Actually, half of the robots in-series (the female half) qualify. Sammy and Akiko just happen to have been given the most character development.
Hanaukyō Maid Tai. To varying degrees, the maids Grace, Konoe, and Mariel all fit this trope.
Homura Akemi from Puella Magi Madoka Magica starts out as this. She never smiles, has a completely toneless voice, and acts like she's made of stone when Mami dies and Sayaka turns into a witch. It is subverted as we find out that she invoked this trope on purpose after watching her friends die again and again while stuck in her "Groundhog Day" Loop. She went from being a Shrinking Violet with glasses and a heart condition to a coolheaded stoic in a desperate attempt to finally save Madoka from her terrible fate.
Key from Key the Metal Idol seems to be emotionless initially, claiming to be a robot, but is eventually revealed to be a severe case of emotional repression prompted by merely being convinced and, as a result, convincing others that she is a robot when she is, in fact, a human to prevent her potent extra-physical abilities from awakening.
Kanade Tachibana, the titular Angel of Angel Beats! is, at least on the surface, an example of this. She's quiet, and impassive seeming even when dishing out violence or receiving grievous injury. She has emotions, but she rarely shows them.
The "Imouto" Misakas in A Certain Magical Index (except Last Order). Because they wereproduced in a lab for the sole purpose of being slaughtered, they never learned how to express emotions, though it is clear that they do have them by the way they act.
The cyborg assassins in Gunslinger Girl, as a result of the use of drugs and conditioning they're emotionally stunted.
Beatrice is more emotionless than the others. Triela is even surprised when another cyborg dies and she feels very little emotion about it.
Invoked with extreme prejudice in the case of Henrietta, when her deteriorating emotional state caused the Agency to, for lack of a better expression, 'reset her to factory settings'. She's the perfect assassin again, but her personality is little more than a robot soldier.
Shiori from Tamako Market initially appears this way, due to her inability to express her feelings. However, she manages to overcome this by becoming friends with Tamako the end of Episode 3.
Attack on Titan has Annie Leonhart. It's not that she lacks emotions, it's just that she doesn't care about the world around her. When Armin (correctly) suggests that she's the female Titan, however, she smiles.
Sage, a mutant whose brain works much like a computer, and as such, approaches Rei Ayanami level emotionlessness at times, though occasionally shifting to The Stoic level when really, really worked up. (Naturally, she's such an expert at Perp Sweating that her gaze alone accomplishes what Wolverine's famed "claw on either side of neck; dare me to pop the middle?" approach cannot.) Surprisingly, "computer brain" simply describes her brain works. Despite the functions of her mind often being described in computer terms, it, and the rest of her, are a hundred percent organic.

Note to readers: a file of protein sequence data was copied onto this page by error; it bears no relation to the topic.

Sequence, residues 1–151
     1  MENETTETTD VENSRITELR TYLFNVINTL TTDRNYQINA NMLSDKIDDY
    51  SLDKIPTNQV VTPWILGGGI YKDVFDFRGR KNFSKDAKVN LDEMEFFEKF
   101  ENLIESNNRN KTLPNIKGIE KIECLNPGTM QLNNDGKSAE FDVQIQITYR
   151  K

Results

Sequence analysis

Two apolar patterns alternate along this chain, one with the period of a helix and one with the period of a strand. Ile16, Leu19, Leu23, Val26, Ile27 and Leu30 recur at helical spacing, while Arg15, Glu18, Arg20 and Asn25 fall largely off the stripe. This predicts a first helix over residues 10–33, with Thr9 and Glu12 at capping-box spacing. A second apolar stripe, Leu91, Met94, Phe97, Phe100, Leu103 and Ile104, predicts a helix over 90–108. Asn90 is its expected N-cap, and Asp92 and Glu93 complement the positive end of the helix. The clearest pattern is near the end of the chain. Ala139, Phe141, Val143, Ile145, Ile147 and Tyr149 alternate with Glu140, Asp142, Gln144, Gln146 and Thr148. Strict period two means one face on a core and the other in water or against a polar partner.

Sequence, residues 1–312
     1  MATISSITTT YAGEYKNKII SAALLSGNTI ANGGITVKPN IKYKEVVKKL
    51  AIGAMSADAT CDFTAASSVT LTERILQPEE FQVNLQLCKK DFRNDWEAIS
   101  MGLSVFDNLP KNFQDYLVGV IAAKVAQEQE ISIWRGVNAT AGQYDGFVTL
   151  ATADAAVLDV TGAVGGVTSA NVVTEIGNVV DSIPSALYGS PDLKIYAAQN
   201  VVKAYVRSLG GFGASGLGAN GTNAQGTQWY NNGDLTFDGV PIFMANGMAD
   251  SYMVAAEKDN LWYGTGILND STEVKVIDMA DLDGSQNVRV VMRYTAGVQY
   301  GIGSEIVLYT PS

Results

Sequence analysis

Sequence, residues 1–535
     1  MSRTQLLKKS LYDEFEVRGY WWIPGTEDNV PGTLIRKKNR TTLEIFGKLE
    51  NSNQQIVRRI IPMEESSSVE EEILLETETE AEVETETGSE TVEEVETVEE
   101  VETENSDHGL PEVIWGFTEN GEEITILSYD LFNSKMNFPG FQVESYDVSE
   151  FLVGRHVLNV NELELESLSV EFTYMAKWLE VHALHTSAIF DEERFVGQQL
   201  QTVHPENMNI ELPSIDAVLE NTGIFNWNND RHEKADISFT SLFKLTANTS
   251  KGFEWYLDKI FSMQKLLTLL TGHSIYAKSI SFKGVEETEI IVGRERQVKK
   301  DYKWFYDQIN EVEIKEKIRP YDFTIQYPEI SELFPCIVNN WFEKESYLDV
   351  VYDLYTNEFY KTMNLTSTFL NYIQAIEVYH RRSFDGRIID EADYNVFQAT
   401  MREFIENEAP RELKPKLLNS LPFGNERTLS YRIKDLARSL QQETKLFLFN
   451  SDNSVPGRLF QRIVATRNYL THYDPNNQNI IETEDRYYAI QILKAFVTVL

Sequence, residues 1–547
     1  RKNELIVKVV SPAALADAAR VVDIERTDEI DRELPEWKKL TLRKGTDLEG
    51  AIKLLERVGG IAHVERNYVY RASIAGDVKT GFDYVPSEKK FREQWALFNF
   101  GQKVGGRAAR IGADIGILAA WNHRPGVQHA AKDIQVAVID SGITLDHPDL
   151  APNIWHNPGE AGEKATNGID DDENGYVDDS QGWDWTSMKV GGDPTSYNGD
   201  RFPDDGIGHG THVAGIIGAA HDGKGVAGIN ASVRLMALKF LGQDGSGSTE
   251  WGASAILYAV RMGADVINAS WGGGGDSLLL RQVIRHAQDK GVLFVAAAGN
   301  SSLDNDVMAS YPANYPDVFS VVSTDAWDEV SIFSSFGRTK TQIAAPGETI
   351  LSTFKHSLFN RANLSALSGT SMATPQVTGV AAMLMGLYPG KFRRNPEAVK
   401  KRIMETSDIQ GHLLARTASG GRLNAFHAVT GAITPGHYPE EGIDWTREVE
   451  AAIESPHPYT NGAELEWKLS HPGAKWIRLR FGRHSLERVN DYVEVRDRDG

Emma Frost frequently comes across as this due to her detached, cynical persona. The Stepford Cuckoos are generally portrayed as just copying her attitude, but between X-Men: Phoenix: Warsong and Nation X they are physically incapable of having emotions.
X-23, a clone who was raised as a child assassin, is also an example. Through multiple traumatic events in her backstory, she learned to never trust or emotionally connect with anyone. This makes her an outcast among her fellow teenagers, and even most of the teachers perceive her as a heartless killer who is unable to think as a human or desire anything. But her character development (and eventual journey to find herself) ultimately subverts this trope; she gradually becomes accustomed to emotion, and bonds with other abuse victims who understand why she prefers solitude. It's actually quite heartwarming. It's implied that one of the reasons she represses her emotions is because she does not know how to handle them or the memories of her past; when she does completely abandon her stoic exterior, we see either suicidal depression or psychotic rage. Ironically, the emotionally detached state that others scorn her for is in place for their own safety.
Raven from Teen Titans. This based out of necessity because if she ever let her emotions go, her demonic father, Trigon would seize control of her and take over Earth's dimension. Her learning to accept and express emotions after the defeat of her father is a major piece of Character Development.